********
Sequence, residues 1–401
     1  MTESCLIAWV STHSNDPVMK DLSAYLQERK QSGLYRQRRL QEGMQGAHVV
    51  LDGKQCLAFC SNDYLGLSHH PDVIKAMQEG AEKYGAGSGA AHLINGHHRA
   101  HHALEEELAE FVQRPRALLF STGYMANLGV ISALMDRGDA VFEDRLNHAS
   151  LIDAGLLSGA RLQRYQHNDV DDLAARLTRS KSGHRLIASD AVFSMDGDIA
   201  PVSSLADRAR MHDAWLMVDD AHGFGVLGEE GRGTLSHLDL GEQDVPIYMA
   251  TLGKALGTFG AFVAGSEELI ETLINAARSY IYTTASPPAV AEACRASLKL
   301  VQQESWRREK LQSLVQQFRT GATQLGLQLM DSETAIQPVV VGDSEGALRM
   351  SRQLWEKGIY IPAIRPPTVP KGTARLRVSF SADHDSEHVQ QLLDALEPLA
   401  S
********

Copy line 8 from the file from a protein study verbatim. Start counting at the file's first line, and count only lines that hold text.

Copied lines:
   301  VQQESWRREK LQSLVQQFRT GATQLGLQLM DSETAIQPVV VGDSEGALRM